As is au fait in film adaptations of teen book series, Mockingjay has been split in two. Part One, subsequently, is lacking in a lot of the action that the book contains. But from what I remember, that action was extremely condensed to the point in which I was genuinely muddled about who was dead, so perhaps this is gonna work out. Mockingjay worked pretty well without the action that it’s predecessors contained, it definitely didn’t bore me, but it felt like something was missing. Maybe it’s because Jennifer Lawrence didn’t have much to do outside of worrying about everyone else or being on the verge of tears. She does play traumatised remarkably though, but the performance highlight was once again Woody Harrelson being funny and cutting and tender and harsh. The opposite end of the spectrum? Liam Hemsworth was so patchy and manages to make Gale even less likeable. He’s just constantly bitter. He doesn’t ever even act that sad. My favourite part of the film was the evacuation and the amazing flashing lights scene on the stairwell – that sort of purposeful and intricate direction is what set the Hunger Games apart from the hoards of other dystopian franchises. Overall, the film was solid, and solidly depressing. Scenes of war, persecution, torture and manipulation don’t make for a happy time, especially when the tragic loss of Phillip Seymour Hoffman strikes you with every line he delivers.
Amid a constant flurry of JLaw fan-girling and tumblr screaming ‘oh my god she’s so like us’, then preceded by my eyes rolling into the back of my head, Mockingjay Part 1 has been released. The hype surrounding Jennifer and her love of food often derails from what is essentially a great story with a very powerful message (if with a hint of white saviour complex) that mirrors and puts a dramatic spin on a society that so closely resembles our own.
In the first part of the last Hunger Games instalment, Jennifer isn’t really given much to do other than just be really fucking upset and a plaything/prop for President Coin of District 13. The real standout of Mockingjay Part 1 was undoubtedly Phillip Seymour Hoffman. He can light up a room and tell a thousand stories simply by raising his eyebrow and his charisma as Plutarch Heavensbee seeps through the film like sunlight through blinds, his passing earlier this year making the performance even more memorable. Josh Hutcherson takes a surprising turn too, I’ve never doubted he could act but THG hasn’t gave him the best platform, but with hijacked Peeta (and that tERRIFIC costume design for the interviews) I was scared, I was worried and his skinny frame was unbearable.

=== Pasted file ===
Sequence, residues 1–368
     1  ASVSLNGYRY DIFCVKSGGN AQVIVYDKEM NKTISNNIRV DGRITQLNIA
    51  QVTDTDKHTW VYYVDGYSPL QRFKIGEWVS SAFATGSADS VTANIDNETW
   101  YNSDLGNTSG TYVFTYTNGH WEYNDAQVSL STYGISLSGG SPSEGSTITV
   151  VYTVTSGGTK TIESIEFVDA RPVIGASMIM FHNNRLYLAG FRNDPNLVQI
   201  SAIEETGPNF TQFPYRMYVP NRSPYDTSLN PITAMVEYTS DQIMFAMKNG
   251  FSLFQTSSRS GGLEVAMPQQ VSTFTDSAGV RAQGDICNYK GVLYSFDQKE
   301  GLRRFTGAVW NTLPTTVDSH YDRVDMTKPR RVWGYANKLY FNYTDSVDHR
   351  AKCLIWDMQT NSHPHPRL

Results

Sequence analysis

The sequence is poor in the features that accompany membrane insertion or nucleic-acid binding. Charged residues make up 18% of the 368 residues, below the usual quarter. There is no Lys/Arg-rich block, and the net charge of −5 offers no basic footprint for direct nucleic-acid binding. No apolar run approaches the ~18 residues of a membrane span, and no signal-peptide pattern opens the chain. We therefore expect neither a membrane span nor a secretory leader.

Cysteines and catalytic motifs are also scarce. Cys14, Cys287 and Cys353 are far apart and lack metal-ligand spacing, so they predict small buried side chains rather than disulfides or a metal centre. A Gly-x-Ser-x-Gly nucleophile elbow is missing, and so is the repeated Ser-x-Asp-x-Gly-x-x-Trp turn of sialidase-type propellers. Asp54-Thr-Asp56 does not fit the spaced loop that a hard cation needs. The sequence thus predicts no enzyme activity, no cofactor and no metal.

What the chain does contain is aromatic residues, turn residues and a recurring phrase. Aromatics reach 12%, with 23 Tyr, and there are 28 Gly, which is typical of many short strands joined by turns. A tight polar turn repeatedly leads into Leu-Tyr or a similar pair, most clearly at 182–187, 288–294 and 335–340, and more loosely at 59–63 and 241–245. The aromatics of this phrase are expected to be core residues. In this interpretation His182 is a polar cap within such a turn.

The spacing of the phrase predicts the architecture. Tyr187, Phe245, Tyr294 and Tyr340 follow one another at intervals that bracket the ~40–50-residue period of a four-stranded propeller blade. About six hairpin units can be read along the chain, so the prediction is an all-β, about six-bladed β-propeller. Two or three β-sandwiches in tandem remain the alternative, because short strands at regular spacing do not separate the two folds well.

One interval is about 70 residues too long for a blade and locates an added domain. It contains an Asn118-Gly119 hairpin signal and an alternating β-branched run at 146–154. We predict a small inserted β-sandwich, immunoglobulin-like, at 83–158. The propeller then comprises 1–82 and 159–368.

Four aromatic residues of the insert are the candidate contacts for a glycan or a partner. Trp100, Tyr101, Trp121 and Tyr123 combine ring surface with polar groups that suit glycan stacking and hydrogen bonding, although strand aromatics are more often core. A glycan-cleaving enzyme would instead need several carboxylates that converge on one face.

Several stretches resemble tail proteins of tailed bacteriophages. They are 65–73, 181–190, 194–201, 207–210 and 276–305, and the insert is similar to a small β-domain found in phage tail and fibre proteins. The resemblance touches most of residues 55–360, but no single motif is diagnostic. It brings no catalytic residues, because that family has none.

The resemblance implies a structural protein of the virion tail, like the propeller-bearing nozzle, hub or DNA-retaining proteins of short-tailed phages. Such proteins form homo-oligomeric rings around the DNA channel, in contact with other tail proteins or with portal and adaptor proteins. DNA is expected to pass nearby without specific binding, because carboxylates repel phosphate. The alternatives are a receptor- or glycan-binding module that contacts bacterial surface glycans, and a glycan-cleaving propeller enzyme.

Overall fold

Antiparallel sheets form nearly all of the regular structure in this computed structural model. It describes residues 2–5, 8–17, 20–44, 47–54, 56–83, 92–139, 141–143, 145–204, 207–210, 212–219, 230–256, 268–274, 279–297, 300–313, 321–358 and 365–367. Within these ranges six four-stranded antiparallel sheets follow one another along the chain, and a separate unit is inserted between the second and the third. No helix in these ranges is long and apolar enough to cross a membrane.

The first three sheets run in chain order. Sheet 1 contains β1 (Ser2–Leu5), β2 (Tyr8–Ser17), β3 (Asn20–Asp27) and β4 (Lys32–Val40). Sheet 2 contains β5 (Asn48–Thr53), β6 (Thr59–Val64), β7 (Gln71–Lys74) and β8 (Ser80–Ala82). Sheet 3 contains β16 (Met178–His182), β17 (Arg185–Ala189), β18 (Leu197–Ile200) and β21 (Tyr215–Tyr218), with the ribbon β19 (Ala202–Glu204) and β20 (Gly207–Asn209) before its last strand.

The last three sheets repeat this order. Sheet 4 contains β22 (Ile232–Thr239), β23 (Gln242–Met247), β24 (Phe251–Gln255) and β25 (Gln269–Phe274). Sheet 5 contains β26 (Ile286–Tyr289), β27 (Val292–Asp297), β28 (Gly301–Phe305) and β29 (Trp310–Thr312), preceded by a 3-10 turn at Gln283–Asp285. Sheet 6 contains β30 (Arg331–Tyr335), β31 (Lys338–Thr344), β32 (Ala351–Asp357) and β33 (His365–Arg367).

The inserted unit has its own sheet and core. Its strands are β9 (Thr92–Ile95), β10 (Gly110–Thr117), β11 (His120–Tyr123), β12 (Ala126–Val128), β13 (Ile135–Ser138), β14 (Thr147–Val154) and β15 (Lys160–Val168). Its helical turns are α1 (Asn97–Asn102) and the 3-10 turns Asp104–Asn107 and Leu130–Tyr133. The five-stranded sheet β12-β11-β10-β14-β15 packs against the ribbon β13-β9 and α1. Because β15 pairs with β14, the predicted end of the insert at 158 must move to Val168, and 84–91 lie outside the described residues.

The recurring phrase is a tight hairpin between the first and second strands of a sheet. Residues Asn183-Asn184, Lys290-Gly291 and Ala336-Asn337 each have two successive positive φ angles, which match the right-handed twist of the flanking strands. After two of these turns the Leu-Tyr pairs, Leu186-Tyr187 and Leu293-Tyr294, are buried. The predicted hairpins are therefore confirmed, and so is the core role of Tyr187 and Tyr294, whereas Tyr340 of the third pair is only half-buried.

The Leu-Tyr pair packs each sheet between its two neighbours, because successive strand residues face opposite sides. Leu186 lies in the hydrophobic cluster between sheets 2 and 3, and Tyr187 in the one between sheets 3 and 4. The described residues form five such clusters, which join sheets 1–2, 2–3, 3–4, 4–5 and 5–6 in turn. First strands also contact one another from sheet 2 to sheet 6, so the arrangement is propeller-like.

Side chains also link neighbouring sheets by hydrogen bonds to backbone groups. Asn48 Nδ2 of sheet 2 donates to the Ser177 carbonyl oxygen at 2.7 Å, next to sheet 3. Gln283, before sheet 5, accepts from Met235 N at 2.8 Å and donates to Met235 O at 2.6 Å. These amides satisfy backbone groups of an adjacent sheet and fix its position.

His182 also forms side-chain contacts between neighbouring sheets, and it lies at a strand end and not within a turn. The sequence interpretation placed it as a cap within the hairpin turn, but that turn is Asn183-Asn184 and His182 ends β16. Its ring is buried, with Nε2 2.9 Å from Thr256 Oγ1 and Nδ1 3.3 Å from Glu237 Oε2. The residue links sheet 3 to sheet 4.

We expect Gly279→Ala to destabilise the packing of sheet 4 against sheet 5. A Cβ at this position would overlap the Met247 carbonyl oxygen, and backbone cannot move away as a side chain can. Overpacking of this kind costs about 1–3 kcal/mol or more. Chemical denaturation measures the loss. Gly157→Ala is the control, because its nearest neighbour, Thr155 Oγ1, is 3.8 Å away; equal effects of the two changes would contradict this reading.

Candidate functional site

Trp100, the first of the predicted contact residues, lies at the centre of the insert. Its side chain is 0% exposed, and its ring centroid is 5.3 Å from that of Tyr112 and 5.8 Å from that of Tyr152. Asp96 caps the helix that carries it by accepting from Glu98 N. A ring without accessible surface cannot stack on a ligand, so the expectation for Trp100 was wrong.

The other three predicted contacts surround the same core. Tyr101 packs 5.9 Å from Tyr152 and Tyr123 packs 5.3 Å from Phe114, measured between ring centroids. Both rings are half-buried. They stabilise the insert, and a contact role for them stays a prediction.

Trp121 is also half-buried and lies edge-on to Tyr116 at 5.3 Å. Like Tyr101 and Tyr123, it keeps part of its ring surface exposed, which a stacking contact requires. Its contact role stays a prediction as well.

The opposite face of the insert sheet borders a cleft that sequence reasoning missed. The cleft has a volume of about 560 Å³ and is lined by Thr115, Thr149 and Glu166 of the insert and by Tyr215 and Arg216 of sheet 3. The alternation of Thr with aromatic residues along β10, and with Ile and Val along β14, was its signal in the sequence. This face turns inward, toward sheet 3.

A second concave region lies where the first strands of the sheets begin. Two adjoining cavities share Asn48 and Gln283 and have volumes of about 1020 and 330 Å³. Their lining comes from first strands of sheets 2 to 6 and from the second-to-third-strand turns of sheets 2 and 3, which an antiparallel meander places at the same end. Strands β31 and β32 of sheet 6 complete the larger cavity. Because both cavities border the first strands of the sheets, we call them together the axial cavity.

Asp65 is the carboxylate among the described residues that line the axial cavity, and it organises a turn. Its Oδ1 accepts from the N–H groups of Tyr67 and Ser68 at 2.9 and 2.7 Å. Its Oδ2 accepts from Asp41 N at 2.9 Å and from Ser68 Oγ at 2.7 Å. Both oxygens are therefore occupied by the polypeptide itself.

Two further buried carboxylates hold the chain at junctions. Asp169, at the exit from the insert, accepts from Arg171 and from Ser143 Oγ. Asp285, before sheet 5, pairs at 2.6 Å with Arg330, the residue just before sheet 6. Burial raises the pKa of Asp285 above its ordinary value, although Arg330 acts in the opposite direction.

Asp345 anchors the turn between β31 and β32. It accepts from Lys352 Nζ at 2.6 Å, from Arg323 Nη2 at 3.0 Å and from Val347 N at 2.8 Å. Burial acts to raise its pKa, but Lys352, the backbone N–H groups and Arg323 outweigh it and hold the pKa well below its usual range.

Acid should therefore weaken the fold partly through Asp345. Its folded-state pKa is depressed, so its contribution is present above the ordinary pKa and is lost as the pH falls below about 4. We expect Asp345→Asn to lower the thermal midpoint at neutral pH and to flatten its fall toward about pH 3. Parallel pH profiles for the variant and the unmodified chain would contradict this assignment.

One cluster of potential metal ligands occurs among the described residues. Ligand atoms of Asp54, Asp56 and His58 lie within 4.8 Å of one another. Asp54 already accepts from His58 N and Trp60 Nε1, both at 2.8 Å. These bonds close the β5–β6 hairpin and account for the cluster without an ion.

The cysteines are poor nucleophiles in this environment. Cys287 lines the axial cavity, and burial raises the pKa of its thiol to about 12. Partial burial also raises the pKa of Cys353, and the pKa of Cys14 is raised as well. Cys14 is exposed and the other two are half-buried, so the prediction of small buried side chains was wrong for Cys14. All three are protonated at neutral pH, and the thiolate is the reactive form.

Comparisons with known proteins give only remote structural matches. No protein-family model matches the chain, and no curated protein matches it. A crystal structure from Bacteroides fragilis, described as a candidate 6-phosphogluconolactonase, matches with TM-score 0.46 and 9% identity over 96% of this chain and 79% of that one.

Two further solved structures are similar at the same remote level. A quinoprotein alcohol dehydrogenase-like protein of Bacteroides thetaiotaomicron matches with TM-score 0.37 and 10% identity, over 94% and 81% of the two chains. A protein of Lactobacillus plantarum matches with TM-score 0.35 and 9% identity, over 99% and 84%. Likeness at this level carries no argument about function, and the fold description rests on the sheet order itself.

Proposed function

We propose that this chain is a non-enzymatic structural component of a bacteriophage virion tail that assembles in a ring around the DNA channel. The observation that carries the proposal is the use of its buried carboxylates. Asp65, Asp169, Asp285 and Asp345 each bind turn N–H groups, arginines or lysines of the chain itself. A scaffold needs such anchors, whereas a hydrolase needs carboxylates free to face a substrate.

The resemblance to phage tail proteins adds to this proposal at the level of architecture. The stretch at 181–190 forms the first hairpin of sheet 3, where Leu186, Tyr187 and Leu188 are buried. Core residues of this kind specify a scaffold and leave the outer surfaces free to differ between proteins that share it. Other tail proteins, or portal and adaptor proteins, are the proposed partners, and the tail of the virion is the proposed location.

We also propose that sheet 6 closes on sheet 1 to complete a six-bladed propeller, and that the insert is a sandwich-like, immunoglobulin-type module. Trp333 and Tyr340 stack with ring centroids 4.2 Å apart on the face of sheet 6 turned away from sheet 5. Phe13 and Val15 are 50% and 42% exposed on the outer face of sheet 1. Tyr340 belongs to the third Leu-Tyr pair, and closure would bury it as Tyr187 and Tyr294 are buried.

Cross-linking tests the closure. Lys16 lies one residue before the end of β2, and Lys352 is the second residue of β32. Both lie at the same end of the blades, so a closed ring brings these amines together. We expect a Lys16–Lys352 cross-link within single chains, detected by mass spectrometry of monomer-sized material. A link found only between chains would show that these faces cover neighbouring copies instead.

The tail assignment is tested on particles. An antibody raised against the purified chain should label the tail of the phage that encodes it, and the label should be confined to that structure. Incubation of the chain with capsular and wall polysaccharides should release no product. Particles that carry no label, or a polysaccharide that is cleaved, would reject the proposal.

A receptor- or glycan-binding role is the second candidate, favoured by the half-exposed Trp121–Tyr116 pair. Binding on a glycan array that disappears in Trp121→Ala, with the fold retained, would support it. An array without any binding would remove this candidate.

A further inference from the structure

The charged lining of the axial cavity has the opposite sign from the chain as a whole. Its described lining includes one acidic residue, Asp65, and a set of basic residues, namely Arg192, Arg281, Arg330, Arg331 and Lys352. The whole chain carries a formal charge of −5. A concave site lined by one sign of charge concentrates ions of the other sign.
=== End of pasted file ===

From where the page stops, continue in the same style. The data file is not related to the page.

Yes, there was less action, but The Hunger Games isn’t an action movie to me, it’s a drama, it’s about raw emotion and activism and acting upon feelings, not necessarily an explosion going off every 10 minutes. The action that was there, was brilliant, but I felt that Part 1 was more about building up and breaking down relationships, bravado and characters in such a way that leaves them stripped completely bare and battle worn ready for total upheaval in Part 2.
Aaaah, The long awaited Mocking Jay part 1. It was everything I expected really, I’m not disappointed at all, although I’m not exactly surprised either. I really enjoyed the film, the action was great, JLaw always SLAYS in those outfits and I love seeing Philip Seymour Hoffman’s face. However everything was how I thought It was going to be, nothing really blew my mind or shocked me, which would be discouraging, but like Deathly Hallows Part 1, I’m really hoping they save the best for last. Keeping Part 1 sort of toned down raises excitements and anticipation for Part 2 and I’m really hoping this is the angle they have taken and they have not held back at all for the next one. The one thing I really enjoyed and was pleasantly surprised at was Josh Hutcherson’s performance. He’s been nothing but cute and sweet so far so to see him so menacing and evil was a wonderful turn and he could really show off his skills. I was a bit frightened when he attacked Katniss, he was so skinny but so strong and even though I have read the books it did take me by surprise a bit. Overall I enjoyed the movie but not one I’d be scramming to watch again. However the timing of this film could not be better, I’ve seen a lot of people draw parallels between this and the events happening in Ferguson now, I think it always helps to have context and maybe this will help people across the world stand up for Mike Brown and all the innocent people over there.